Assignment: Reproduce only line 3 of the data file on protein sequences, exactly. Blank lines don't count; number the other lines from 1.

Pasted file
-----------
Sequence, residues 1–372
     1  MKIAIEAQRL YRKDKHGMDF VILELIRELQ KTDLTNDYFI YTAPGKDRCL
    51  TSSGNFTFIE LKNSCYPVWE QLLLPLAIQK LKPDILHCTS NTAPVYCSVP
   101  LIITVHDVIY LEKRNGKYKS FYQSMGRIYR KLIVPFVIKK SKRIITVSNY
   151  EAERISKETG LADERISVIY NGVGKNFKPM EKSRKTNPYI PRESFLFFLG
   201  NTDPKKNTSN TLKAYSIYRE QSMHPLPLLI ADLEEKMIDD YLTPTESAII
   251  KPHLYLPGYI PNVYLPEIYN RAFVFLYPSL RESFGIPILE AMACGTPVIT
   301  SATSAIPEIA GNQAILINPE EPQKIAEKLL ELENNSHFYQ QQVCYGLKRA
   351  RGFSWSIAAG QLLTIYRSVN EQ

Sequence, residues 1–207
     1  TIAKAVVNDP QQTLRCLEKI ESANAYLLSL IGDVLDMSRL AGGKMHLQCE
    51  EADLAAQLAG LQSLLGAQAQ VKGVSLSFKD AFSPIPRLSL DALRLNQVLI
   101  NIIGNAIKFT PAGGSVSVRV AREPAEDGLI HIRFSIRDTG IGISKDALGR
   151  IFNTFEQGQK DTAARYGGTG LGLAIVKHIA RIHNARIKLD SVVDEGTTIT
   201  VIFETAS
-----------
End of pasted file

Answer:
    51  TSSGNFTFIE LKNSCYPVWE QLLLPLAIQK LKPDILHCTS NTAPVYCSVP